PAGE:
This article, available here, tries to quantify the deterrent power of fines imposed by the Spanish competition authority from 2011 to 2015. Despite being authored by senior staff at the Spanish competition authority, the paper concludes that most of the fines imposed by the Spanish competition authority during this period were under deterrent.

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The argument is structured as follows:

Section II sets out how to quantify cartel gains.

A deterrent optimal fine can be defined as a fine that deters a company from participating in a cartel. Such an outcome is achieved when there is no expected net gain from participating in the cartel in the first place, i.e. when the expected illicit gain of entering into a cartel is lower than the expected loss from being sanctioned for cartel participation. Therefore, the reference value for an optimal fine should be determined by reference to an estimate of the illicit gain (also known as excess profit) flowing from cartel membership. This illicit gain is a percentage of the total turnover in the affected market, which depends on three parameters: the competitive mark-up, the cartel overcharge and the price elasticity of demand in absolute value.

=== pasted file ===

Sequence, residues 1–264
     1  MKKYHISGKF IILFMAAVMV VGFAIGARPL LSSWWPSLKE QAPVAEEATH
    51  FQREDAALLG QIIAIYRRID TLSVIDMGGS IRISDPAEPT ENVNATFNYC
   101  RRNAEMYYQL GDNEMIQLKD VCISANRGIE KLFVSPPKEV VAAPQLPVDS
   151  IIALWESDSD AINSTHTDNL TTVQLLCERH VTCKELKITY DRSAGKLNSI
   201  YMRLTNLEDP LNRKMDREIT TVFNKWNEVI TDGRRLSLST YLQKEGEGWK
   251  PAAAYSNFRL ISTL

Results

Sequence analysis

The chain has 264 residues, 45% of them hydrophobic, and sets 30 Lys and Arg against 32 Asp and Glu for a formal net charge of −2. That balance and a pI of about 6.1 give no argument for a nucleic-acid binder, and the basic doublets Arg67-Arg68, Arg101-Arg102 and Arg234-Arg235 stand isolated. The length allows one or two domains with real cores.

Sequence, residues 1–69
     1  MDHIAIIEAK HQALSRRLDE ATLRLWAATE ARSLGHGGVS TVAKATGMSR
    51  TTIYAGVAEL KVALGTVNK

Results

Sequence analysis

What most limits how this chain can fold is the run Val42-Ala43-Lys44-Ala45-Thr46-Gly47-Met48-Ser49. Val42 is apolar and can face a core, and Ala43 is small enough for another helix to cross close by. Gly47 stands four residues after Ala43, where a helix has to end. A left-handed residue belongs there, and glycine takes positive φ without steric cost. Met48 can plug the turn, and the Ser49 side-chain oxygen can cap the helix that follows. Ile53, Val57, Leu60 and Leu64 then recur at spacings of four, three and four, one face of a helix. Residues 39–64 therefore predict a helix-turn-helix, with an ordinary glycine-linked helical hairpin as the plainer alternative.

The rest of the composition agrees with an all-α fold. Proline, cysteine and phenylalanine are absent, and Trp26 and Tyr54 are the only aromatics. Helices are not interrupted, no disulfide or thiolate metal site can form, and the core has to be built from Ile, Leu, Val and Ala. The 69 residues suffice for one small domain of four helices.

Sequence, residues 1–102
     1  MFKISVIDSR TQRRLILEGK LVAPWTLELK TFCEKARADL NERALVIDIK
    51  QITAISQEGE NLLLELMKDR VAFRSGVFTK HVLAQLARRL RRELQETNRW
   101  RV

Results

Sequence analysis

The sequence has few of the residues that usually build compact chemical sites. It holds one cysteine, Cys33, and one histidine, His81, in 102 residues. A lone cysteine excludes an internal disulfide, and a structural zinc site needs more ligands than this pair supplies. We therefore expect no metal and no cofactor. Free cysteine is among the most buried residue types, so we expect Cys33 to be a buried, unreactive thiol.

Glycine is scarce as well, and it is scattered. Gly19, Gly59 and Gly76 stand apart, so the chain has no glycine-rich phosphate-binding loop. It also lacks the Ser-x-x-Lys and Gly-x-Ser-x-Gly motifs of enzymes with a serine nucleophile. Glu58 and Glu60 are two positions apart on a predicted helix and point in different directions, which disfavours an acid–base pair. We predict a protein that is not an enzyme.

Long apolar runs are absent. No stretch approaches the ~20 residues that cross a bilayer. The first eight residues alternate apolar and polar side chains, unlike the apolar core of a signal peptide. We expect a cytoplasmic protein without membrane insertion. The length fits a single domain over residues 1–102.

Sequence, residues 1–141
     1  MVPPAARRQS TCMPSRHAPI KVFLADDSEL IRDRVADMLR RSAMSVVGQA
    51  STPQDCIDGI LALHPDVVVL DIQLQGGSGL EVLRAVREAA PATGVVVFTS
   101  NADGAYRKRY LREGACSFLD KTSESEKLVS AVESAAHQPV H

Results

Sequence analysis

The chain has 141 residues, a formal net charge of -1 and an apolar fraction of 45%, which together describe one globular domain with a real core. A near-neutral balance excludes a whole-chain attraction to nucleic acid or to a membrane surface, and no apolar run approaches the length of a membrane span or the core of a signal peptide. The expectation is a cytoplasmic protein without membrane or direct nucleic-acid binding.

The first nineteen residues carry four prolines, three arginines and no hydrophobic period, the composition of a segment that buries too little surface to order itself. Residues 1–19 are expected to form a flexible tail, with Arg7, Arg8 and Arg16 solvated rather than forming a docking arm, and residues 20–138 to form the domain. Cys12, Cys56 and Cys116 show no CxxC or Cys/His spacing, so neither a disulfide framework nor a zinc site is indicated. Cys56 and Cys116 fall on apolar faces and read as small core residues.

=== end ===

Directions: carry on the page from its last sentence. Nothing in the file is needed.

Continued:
The competitive mark-up is the percentage increase in market price over marginal costs, an amount that is added to these costs for reasons other than collusion. The increase in price due to the existence of a cartel is the percentage by which cartelisation increased the price by comparison to the competitive price. This is often difficult to estimate because there is usually no information on the competitive situation in the absence of the cartel (the counterfactual or ‘but-for’ scenario). Finally, the price elasticity of demand measures the consumer reaction to a change in the price of the good or service. As the price elasticity of demand is negative for a normal good, the quantity demanded will fall when price increases, so that the elasticity value in a market significantly affects the illicit profit made by firms that are part of a cartel.